Whether you're clearing a year's worth of cruft or consolidating systems, data sets often end up with duplicated customer records, multiple product entries, or even conflicting sales data. There are tools and processes for eliminating redundant information from a data set, or de-duplicating (de-duping for short) those data. An equally valuable process is to occasionally de-dupe your organization.
In extreme cases, organizations have multiple, disparate teams performing the exact same project, or perhaps similar technology is deployed to solve the same problem. For example, after working with a massive global company for only five days, I identified four teams pursuing a similar project to what I was charged with, each consuming time and money, and each exploring similar territory.
So nice, you're paying twice?
Like most projects, duplicative efforts are generally started with good intentions. In large organizations, the metaphorical left hand may not be aware of what the right hand is doing, and it's easy to have projects launched by different groups that ultimately have similar objectives. Alternatively, a project may identify a key dependency, and begin working on the dependency when there's another project afoot that specifically targets that area.
This can even occur in small organizations. Perhaps a project is launched on the business side to improve marketing analytics, which then identifies data quality issues. Being a team of high performers, they absorb the scope to fix the data, unknowingly duplicating the efforts of an existing data quality project.
What's insidious about duplicative efforts is that you're essentially doubling or tripling the cost of an initiative or technology. While two projects may not have the exact same objectives, they are likely placing demands on similar organizational resources and asking similar questions of the same people. Depending on how broad the scope of the project is, the organization is significantly impacted as demands are placed on support resources that impact their regular jobs.
Another significant source of duplication is when projects are launched on the IT side that mirror a project launched on the business side. As IT has permeated all aspects of most businesses, it's likely that IT projects will be launched with business objectives, and business projects are launched that have a significant technical component. In organizations where these two groups are disparate and fail to regularly communicate, these duplicated efforts can continue for weeks or months.
How to find duplicate projects
Portfolio management applications exist that claim to solve this problem by serving as a repository of an organization's projects. This is a nice concept, but rarely do organizations have a cross-organization repository that grabs every single project, from massive IT endeavors to the projects launched by a middle manager with her own budget.
Rather than attempting to apply technology and significant organizational change to this problem, simple listening skills are one of the best tools for de-duping efforts. As you speak to peers, you'll likely hear reports of people in their organizations being asked similar questions by disparate groups. Ask your own staff to listen for these clues as well, and raise them to their leadership.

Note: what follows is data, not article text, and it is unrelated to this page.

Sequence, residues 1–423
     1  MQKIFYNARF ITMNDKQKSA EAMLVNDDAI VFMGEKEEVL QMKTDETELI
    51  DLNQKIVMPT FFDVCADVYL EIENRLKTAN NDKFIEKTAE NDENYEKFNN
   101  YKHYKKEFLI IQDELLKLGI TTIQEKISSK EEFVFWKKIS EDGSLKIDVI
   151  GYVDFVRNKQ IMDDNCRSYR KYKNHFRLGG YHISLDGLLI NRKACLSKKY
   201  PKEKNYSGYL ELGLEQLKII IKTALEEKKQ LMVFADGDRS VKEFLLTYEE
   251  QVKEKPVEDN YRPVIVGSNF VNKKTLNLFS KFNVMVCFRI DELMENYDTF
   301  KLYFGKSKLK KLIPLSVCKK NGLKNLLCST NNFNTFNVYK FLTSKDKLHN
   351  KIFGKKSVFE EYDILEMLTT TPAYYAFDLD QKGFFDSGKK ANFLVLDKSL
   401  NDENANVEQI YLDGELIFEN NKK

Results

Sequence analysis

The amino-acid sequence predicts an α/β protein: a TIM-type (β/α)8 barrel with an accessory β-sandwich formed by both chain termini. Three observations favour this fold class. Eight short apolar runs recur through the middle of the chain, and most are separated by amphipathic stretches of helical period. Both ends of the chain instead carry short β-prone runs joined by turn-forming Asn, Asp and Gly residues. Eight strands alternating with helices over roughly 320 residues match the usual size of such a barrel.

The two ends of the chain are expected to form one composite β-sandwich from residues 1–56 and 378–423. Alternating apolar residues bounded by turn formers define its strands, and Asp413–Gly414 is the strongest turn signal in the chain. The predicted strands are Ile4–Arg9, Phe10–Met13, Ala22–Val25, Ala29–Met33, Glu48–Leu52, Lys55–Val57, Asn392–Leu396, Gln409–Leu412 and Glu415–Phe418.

Internal and external consultants are often great sources of information on duplicated efforts. Since these people generally don't know the nuances of your organizational structure and politics, they're liable to create unorthodox relationships and cross internal boundaries as they seek information, thereby uncovering duplicated efforts that would have otherwise remained hidden.
1 + 1 = 3
Once you identify potentially duplicate efforts, strive to combine the best elements of each team rather than simply terminating one effort. Most business problems have a combination of technical, process, and strategic elements, so you'll likely have resources that are strong in one or two of these areas, but weak in another, on each of the disparate project teams.
While it will take deft political dealing and debate over project ownership and budgeting, consolidating disparate efforts into a combined project team often creates a far more capable team. Departmental squabbling over budgets can be partially resolved by noting the savings to the broader organization, or possibly by combining a portion of competing budgets to fund one combined team.
Think of the money you will save
As the calendar year draws to a close, there's a temptation to launch all manner of projects to utilize remaining funds or accomplish an unfulfilled objective. With some organizational detective work, you can ensure these projects are executed effectively, and ultimately avoid spending new money to achieve the same objective.
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Patrick Gray works for a global Fortune 500 consulting and IT services company and is the author of Breakthrough IT: Supercharging Organizational Value through Technology as well as the companion e-book The Breakthrough CIO's Companion. He has spent over a decade providing strategy consulting services to Fortune 500 and 1000 companies. Patrick can be reached at email@example.com, and you can follow his blog at www.itbswatch.com. All opinions are his and may not represent those of his employer.